A Major Oxymoron

Vic Citarella remembers the days before there was social care

Listening to former premier John Major sounding off about Europe on TV this week prompted a memory – one that could be completely incorrect, but nonetheless its mine. The recollection being that he was credited to be the first senior politician to publicly use the term ‘social care’ back in the 1980s. Anyway this was what was said back then amongst those promoting the standing of residential, day and domiciliary care workers. Those arguing for investment in status, training and recognition and the professionalisation of social care as distinct from social work. 

It is now 30 years since Major was Minister of State for Social Security – the most likely time when he would have made a speech about the care sector. In that time since 1986 the cause of professionalising social care has made little progress. It probably peaked with the creation of the General Social Care Council in England in 2001. The code of practice was about social care and the intent was to register domiciliary care workers straight after social workers. By the time the GSCC was closed in 2012 the idea of registering any social care workers was long buried under burgeoning bureaucracy and costs. It remains alive and flourishing in the rest of the UK.

Why is social care in retreat in England? Why did the former Social Care Association struggle with membership? Why do the one and a half million people who work in what we call social care still have low skill, low pay and low esteem standing? Listening to Major again something about his stance on Europe and the NHS made me consider the possible oxymoronic juxtaposition of the words social and care. Like, as in, was he a ‘caring Conservative’?

Consider how far social care is a truth particularly in our times of personalisation and individual care planning. Most people want their care to be private rather than social I suspect. Consider the contradictions in the need for companionship and activity alongside the need to go to the toilet, go to bed, get up, wash, dress and be fed. The one involves groups of people and the other is – or should be – just you and the care worker. Consider many people’s preference to have support rather than care.

Perhaps, with hindsight, it was a mistake to coin the term ‘social care’. Residential, day and domiciliary care had the benefit of less ambiguity, more exactness.  It still does – people know what you mean if you say you work in a care home, a children’s home or if you are a Home Help or work in a day centre. Precision in terminology can put pressure on politicians, be understood by the public and attract investment.  With that comes professional respect and standing for the practitioner.  So out with the Major minor oxymoron of social care and let’s think about the major key alternatives.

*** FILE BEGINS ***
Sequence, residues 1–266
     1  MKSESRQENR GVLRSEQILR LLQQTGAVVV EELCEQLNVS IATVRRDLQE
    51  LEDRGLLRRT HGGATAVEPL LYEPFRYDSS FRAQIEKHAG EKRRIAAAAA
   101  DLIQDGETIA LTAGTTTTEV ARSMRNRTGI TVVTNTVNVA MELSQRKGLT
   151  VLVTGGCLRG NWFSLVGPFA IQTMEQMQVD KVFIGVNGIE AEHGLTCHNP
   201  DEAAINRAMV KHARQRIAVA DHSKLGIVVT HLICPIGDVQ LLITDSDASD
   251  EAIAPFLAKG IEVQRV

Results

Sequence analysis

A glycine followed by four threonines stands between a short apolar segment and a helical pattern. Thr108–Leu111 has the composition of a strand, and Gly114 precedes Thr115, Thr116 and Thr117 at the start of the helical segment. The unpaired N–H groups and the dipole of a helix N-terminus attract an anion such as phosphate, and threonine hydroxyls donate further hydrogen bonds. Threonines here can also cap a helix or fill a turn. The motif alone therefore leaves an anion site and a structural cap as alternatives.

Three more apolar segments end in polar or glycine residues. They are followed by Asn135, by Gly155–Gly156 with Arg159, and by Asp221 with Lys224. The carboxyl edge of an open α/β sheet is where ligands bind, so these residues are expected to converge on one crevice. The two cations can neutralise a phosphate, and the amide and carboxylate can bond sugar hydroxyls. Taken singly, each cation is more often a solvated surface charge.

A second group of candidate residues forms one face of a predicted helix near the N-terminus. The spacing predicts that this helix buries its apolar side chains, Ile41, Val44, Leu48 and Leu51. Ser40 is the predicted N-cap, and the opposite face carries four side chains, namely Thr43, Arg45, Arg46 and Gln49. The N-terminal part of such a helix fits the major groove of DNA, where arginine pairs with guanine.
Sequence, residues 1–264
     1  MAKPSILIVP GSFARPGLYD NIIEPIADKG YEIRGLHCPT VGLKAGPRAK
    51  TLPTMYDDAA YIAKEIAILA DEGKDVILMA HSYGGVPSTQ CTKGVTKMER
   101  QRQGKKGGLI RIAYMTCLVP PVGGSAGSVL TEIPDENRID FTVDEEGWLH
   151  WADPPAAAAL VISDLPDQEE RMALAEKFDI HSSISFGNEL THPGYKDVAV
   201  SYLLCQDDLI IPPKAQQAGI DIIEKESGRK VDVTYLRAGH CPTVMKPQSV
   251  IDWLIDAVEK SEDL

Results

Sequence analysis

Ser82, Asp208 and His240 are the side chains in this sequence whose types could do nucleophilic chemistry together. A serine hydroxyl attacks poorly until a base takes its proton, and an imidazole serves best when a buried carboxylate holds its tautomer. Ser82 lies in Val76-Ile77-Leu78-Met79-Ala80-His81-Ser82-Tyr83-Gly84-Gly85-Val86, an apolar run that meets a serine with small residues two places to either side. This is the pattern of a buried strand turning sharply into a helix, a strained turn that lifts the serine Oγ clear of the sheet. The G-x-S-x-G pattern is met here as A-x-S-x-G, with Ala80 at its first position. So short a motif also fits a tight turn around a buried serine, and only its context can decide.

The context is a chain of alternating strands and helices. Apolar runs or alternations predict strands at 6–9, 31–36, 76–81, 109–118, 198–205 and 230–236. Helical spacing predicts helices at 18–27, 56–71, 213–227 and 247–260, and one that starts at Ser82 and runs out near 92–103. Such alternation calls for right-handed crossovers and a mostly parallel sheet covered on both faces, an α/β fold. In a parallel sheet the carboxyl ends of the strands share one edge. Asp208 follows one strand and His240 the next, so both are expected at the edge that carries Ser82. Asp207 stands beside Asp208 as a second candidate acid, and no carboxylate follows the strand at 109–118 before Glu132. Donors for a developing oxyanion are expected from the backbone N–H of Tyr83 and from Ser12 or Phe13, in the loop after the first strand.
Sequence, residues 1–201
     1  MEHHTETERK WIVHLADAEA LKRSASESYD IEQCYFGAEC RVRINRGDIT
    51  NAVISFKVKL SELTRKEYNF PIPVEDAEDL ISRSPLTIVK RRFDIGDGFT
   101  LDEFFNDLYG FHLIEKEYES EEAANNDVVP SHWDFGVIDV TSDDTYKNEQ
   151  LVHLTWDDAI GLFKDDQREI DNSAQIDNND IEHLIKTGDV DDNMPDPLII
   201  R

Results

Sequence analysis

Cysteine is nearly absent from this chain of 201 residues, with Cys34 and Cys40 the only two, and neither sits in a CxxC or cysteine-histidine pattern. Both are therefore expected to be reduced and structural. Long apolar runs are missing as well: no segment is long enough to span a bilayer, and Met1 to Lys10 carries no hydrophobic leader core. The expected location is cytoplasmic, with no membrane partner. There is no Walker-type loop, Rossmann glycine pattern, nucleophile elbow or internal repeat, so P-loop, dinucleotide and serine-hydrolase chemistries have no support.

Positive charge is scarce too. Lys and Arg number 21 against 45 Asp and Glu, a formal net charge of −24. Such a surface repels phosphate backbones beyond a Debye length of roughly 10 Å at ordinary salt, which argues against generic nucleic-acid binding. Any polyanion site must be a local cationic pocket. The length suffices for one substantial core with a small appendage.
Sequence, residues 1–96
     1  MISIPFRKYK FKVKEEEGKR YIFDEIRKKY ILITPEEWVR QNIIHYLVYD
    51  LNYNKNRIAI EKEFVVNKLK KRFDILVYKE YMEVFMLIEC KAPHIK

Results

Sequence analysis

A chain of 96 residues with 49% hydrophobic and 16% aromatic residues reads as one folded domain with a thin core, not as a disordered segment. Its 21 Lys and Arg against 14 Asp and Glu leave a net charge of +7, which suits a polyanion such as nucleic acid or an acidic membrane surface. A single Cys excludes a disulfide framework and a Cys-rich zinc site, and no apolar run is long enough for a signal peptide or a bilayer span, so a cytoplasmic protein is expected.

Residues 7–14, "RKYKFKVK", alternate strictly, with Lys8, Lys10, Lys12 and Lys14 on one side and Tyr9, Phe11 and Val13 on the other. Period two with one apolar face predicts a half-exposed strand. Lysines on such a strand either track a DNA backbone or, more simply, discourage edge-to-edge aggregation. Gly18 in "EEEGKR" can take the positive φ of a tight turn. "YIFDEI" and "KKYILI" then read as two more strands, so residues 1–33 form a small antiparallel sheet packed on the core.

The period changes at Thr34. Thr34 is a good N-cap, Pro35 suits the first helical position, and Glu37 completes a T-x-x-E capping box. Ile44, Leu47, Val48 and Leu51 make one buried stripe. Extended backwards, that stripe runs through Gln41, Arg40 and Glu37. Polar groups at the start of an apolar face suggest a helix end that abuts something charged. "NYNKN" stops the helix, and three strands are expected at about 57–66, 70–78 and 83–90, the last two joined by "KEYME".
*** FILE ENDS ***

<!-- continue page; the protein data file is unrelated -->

Join our campaign to reinstate the NCERCC or a comparable body

Join our campaign to reinstate the regrettably closed quango, the NCERCC at epetitions.direct.gov.uk.

I am chair of The Institute of Childcare and Social Education (ICSE), the sector body behind this campaign, which has set up an e-petition to demonstrate to the Government the strength of feeling in the sector on this issue.

The government-funded National Centre for Excellence in Residential Child Care (NCERCC), based at the National Children’s Bureau from 2004, established itself as an invaluable resource for the residential sector, providing a focus for consultation, developing training and advice, running seminars and conferences, and producing publications and developing policy; but its funds were diverted by the last Government in 2009.

There is an enormous demand for another NCERCC or a like body to be set up – something we hear from residential care professionals, local authorities, schools, professional associations. Residential staff do a highly demanding job and they need support from people who really know about the work.

Setting up such a sector body need not require a huge budget and it could be partly self-funding. Despite the current austerity measures and curb on quangos, the support offered by such a body is a proven and cost-effective way of minimising the well-publicised scandals of the past arising from abuse in children\’s homes.

Bringing this kind of resource back is the best way to ensure the welfare of the children and young people, who require the most intensive care in our social services system, will always be of the highest quality.

Guest Blog from Peter Evans: Children’s Home Leaders… United We Stand